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Pennstate Turncrafter Commander 12 in. reviews please

Discussion in 'Getting Started' started by James Humphries, May 12, 2020.

  1. James Humphries

    James Humphries

    Joined:
    Mar 22, 2017
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    Location (City & State):
    Bogota, Colombia
    I am thinking about buying a 12in Pennstate lathe, there is 17% sale on now and a further 10% first time buyers offer until Friday 15th May. I want to turn bowls, the lathe a 1 hp motor, however I read a review that it is underpowered compared to other midis. any advise from from anyone who has experience with this model is much appreciated.
    I'm going to ship to Bogota Colombia so the shipping and import taxes and duties will double the price. Lathes here are expensive so and haven't been able to find a used one.
     
  2. hockenbery

    hockenbery AAW Advisor Staff Member

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    Just want to make you aware that a 12 lathe is too small to be real good for bowls.
    I own a Jet1221vs and have done a number number of bowl demos on this machine.

    It is ok for 10” bowls that are band-sawn round which will turn over the banjo.
    larger bowls may involve taking the bowl off the lathe to move the banjo to the other side.
    Roughing out of round bowl blanks is slow and a bit tedious on small light lathes.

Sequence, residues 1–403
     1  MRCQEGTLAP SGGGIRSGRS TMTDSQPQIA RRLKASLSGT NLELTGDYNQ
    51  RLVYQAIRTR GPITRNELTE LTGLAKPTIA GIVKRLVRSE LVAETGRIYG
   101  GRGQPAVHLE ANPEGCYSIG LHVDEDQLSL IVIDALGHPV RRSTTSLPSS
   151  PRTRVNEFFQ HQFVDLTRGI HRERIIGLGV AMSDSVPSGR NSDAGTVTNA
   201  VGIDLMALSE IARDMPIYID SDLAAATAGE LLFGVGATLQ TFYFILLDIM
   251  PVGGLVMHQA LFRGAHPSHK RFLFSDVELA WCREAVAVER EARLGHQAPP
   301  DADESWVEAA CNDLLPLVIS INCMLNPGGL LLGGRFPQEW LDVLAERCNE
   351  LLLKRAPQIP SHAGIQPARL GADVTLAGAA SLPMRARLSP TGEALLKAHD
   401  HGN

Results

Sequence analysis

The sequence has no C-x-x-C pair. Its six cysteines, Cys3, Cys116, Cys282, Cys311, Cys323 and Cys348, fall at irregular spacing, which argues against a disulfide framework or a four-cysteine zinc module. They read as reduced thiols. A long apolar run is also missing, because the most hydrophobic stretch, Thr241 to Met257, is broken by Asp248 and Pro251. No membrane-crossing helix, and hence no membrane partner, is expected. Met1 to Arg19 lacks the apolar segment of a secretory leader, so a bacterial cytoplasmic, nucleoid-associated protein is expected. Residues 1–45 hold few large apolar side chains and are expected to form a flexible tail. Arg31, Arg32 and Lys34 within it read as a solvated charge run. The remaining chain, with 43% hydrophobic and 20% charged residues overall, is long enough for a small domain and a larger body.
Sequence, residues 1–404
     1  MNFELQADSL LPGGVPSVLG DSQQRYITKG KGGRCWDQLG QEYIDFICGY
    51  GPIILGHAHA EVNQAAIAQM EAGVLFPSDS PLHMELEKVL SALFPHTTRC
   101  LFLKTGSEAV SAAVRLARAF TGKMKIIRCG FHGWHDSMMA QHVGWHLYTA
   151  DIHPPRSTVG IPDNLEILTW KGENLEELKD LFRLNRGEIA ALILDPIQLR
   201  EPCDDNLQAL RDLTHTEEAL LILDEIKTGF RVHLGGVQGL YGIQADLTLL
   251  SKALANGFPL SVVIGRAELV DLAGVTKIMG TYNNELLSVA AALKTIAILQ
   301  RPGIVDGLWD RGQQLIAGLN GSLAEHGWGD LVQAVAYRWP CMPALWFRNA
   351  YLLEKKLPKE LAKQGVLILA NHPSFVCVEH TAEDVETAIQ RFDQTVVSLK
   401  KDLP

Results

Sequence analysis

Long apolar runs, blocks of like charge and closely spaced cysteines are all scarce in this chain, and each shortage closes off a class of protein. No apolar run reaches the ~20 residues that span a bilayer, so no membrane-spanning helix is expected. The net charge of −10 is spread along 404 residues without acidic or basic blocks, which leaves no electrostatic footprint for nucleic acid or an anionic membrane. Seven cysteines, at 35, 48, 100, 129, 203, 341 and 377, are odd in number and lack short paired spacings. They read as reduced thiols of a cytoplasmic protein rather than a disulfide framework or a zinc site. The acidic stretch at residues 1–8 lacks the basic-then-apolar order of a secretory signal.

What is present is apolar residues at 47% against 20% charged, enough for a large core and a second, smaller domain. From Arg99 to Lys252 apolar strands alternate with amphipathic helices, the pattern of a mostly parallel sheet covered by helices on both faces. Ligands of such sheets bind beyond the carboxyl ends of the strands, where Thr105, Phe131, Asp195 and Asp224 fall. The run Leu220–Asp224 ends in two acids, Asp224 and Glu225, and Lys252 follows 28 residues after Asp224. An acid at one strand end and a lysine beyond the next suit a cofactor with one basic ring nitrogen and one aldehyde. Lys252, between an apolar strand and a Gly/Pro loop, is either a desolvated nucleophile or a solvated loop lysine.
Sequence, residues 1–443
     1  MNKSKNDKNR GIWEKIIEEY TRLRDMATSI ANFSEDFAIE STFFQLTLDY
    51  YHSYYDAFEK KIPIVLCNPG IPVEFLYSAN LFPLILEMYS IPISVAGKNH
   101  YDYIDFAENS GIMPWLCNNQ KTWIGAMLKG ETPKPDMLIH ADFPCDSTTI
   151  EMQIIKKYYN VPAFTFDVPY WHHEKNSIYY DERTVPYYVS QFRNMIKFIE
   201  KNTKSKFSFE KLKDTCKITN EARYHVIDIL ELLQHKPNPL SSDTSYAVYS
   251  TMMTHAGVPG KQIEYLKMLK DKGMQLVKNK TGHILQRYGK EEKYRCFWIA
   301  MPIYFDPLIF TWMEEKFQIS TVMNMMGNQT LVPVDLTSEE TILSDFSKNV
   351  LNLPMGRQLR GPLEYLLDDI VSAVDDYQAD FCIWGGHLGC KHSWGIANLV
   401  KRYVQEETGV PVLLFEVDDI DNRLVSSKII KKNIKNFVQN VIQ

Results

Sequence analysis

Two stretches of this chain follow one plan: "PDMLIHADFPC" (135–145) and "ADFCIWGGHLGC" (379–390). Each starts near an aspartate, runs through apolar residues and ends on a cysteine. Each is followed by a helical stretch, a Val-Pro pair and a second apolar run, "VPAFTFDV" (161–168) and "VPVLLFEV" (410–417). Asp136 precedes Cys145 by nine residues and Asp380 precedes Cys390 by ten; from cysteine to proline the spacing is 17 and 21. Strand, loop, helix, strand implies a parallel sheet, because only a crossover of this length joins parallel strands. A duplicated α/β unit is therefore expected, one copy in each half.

11.5 natural edge bowls are doable since the banjo can move under the narrow side if necessary.

    A 10” bowl is pretty small for a functional bowl.
     
    Last edited: May 12, 2020
  3. James Humphries

    James Humphries

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    Thanks hockenbery, what size of bowls do you think a 12in lathe can minus the tedious part?
     
  4. stu senator

    stu senator

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    Location (City & State):
    Delray Beach, FL
    I have that lathe, it is a few years old. I have turned a 10.5" dia x 4" bowl on this lathe. It took time and I could not take big cuts but it is doable. WIN_20200513_10_33_30_Pro.jpg WIN_20200513_10_33_14_Pro.jpg

    As to the lathe it is not the highest quality and the fit and finish are not the best. But it works and that is what counts.

    The major problem was alignment of the tail-stock to the head. There is slop in the tail stock to the rails. However if I push the tail stock away as I tighten it alignment is good. Vertical alignment is dead on. They exchanged the tail stock but the new one had the same problem. Phone service to help is good and helpful as I recently had to replace the drive belt and was able to get the correct part